This is a continuation of a previous question.

I'm developing an app whose only purpose is to display the closest Joe's Florida Tacos locations to my current location in Florida. It will have the usual list (closest first) and a map with the markers. The app doesn't have any use outside of Florida.

Under normal circumstances, the user enabled "current location" so the app will display a list with the closest locations to user (like this). If the user switches to the map, the map will display location of the user and several markers.

But let's say that "current location" is disabled. What will be displayed in the initial screen, where the list should be? Will it be empty or will it display everything? And let's say that the user switches to map, what will the map display?

Is it possible to get an approximate location even if current location is off?

I don't want to require that the user enables current location, but I don't know what to display if it's disabled.

5 Answers 5


Maybe you could ask them for a zip code or city or something like that?


In this situation, the location data is in no way vital to your apps functionality. For that reason I would be developing the application assuming you do not have that permission and only use the permission to enhance the user's experience.

I've recently developed a very similar solution for an ongoing project I'm working on. I defaulted to showing an alphabetized list of locations (though you could also sort by popularity or other relevant metric) and then I allow the user to tap on a button to find the closest location to their current position. At that point I request the location permission as the user is more likely to accept when actually trying to do something which requires it and then perform the sort if granted or show a toast/snackbar message telling the user that location is required if they don't grant it.

Eventually I will also be adding a map view which will default to a zoom level which shows all locations and from there the user can either pan and zoom as they please or provide location permission to automatically zoom in on their local area.


The answer depends too much on things you didn't tell in the question, but to share a few thoughts:

Let users at anytime be able to enter a location manually so they can save it for later or share it with someone. Or is it only relevant at that specific time and only for that user?

What the begin state has to be without location data, is not something to ask here. It is something you should know from the user base. What will be the most relevant data for them to see when they don't (want to) share their location? If nothing is relevant it has no use to just throw something at them.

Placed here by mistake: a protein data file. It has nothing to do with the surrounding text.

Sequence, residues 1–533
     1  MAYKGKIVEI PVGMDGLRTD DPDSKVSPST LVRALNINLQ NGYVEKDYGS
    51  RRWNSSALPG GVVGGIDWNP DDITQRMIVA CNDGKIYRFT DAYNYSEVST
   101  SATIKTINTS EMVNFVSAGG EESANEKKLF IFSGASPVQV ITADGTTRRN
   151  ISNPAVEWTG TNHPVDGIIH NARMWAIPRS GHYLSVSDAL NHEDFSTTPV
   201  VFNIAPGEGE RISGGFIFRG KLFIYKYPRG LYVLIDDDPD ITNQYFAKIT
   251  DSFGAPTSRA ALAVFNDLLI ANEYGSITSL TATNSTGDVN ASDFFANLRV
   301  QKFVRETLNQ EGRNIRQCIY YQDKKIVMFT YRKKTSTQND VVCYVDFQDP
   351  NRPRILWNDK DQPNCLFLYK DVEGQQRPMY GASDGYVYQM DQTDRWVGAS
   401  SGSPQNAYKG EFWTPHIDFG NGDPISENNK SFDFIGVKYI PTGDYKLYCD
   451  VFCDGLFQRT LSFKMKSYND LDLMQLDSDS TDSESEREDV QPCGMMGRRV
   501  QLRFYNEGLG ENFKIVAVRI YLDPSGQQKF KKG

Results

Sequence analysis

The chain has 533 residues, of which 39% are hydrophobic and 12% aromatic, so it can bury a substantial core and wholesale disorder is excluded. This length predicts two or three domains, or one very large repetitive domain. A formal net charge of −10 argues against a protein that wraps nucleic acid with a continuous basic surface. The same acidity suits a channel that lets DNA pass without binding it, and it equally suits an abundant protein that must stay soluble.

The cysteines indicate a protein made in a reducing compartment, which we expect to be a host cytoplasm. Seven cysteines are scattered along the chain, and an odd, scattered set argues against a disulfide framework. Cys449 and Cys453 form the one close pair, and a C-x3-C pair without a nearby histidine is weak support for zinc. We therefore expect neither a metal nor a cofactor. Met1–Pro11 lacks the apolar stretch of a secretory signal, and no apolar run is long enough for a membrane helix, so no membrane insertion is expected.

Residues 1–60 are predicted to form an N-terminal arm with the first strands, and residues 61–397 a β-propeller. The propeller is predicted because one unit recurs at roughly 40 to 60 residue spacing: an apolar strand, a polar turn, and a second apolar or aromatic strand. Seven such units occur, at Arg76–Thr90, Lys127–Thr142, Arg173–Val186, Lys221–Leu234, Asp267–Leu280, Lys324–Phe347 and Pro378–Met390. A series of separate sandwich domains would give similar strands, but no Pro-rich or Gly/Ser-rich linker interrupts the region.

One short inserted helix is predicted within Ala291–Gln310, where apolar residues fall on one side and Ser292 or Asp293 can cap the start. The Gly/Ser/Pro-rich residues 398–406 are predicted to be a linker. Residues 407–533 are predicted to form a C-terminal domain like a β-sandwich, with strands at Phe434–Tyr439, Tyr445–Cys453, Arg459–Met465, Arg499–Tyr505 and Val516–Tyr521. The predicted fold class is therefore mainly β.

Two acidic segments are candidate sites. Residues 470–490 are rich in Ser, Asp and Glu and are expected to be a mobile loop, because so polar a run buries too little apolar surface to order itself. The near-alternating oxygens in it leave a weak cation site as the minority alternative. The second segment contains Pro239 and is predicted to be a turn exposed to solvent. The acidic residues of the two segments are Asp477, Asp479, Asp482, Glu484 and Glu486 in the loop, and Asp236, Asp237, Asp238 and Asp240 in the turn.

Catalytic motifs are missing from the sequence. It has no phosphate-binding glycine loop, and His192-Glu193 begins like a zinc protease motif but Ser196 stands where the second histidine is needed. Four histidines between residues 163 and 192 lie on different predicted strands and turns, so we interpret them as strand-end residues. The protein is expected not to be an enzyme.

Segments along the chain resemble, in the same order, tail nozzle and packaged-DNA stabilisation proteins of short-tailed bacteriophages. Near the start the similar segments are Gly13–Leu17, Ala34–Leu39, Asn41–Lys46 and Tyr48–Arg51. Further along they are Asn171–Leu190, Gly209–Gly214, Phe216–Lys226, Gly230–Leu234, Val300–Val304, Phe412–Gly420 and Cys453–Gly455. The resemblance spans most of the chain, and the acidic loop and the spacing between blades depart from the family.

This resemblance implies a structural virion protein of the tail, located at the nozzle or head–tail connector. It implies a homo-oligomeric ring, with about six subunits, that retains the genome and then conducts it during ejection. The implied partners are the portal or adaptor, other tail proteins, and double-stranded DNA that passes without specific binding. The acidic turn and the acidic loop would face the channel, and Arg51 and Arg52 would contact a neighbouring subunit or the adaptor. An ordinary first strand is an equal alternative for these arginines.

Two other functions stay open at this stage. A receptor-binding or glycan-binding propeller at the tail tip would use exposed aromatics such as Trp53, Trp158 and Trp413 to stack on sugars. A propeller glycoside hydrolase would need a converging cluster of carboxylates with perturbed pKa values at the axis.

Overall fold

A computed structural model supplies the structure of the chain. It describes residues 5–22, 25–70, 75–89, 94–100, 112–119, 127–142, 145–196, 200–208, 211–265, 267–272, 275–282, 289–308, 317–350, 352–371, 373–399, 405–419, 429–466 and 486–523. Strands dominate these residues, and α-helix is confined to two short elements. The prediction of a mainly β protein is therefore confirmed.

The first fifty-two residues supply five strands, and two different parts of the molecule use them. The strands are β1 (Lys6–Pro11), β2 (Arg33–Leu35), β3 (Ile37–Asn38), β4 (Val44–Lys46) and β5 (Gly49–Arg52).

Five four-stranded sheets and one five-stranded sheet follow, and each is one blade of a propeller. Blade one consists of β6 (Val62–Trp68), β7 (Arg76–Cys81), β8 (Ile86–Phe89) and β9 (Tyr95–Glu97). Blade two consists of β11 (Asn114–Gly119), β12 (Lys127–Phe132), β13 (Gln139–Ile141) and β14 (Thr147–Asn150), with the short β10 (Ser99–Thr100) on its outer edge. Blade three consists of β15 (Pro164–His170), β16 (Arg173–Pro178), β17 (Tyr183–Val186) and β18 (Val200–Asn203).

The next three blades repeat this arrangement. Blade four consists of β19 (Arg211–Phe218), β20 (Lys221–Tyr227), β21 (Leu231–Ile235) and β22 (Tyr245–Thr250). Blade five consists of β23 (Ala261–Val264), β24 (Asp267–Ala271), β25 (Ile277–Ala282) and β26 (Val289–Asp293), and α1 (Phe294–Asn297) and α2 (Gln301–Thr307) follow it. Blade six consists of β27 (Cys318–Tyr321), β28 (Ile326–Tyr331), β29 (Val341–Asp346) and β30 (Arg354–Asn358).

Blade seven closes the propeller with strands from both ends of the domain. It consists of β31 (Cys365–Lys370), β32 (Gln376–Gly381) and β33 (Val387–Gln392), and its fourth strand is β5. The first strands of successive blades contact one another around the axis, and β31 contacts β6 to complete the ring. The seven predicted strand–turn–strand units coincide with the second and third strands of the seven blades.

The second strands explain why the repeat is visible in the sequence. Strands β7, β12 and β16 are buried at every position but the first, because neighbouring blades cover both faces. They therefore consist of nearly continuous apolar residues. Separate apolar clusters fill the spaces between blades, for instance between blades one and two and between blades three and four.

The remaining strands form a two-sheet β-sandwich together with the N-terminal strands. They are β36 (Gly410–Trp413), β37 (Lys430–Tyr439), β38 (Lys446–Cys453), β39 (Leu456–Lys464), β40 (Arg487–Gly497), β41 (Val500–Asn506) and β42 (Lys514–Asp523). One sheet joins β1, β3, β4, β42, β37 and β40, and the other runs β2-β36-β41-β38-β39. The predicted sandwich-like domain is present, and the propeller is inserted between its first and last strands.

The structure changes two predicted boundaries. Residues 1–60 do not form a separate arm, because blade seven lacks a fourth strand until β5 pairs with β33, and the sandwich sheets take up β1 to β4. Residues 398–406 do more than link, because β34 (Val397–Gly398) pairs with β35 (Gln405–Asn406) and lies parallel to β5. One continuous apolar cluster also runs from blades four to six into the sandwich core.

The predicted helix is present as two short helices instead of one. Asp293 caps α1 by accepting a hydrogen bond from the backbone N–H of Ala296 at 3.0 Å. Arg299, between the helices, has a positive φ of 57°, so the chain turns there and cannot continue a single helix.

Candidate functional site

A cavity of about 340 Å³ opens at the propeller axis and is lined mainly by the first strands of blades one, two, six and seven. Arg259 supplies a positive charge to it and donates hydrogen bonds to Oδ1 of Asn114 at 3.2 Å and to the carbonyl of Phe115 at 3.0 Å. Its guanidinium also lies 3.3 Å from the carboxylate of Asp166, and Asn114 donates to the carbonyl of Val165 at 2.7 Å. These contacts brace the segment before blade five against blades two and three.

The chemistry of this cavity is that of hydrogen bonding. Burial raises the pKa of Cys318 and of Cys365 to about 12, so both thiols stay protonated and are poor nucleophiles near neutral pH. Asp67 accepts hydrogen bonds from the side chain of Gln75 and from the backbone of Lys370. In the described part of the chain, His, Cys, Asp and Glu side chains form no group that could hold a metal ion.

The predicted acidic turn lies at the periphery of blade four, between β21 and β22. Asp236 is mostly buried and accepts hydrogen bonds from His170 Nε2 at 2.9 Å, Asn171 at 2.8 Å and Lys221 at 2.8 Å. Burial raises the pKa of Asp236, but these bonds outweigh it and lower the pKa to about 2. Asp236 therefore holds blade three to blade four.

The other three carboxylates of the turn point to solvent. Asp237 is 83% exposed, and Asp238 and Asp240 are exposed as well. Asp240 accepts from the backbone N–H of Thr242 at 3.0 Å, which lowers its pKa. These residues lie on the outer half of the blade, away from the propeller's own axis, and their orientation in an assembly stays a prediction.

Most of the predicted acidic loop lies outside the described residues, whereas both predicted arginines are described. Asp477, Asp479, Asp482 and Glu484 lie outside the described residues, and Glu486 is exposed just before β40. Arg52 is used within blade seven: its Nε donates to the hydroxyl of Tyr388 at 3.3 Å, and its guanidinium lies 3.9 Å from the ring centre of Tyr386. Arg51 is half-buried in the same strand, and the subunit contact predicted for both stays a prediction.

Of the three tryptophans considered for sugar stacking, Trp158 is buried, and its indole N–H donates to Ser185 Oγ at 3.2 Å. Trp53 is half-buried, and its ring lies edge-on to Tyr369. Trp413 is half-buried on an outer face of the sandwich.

Your question is generally asking for imaginative input, I would consider it not an appropriate question for that reason.

"Is it possible to get an approximate location even if current location is off?"

Is a question best asked on Stackoverflow, as you are looking for mobile features to access within code.

Yes, it is possible to get an approximate location even if current location is off. You could:

  • make an educated guess based on the device's Locale, or TelephonyService on Android.
  • make an approximation using the response from a web system that provides a location service, e.g. http://ip-api.com/json
  • prompt the user to enter location information using a form.
  • IP-based geolocation is generally quite good for fixed connections, not so much for cellular/mobile. It can deliver a result hundreds of km away.
    – jcaron
    Commented Jan 17, 2020 at 9:06

In this specific situation, you could:

  • on the map view: show the whole state, let the user zoom in, add an input to enter a place (city, zip, full address...) using the usual APIs

  • on the list view, you can either display nothing or display all locations sorted by city name or by zip code (the latter is probably more useful as it’s probably easier to find a “nearby” location that way, but it’s not necessarily obvious for the user that this is the sort order), but you should add an input like above. Not displaying anything is probably the best way to force the user to male an input

  • one alternative, but I doubt it would be practical here, is to have a drill-drown “explorer” selection of the location. E.g on a global scale it would ask for continent, then country, the state, then county, then city. But this often produces levels with very long lists, or, alternatively, ambiguous selections.

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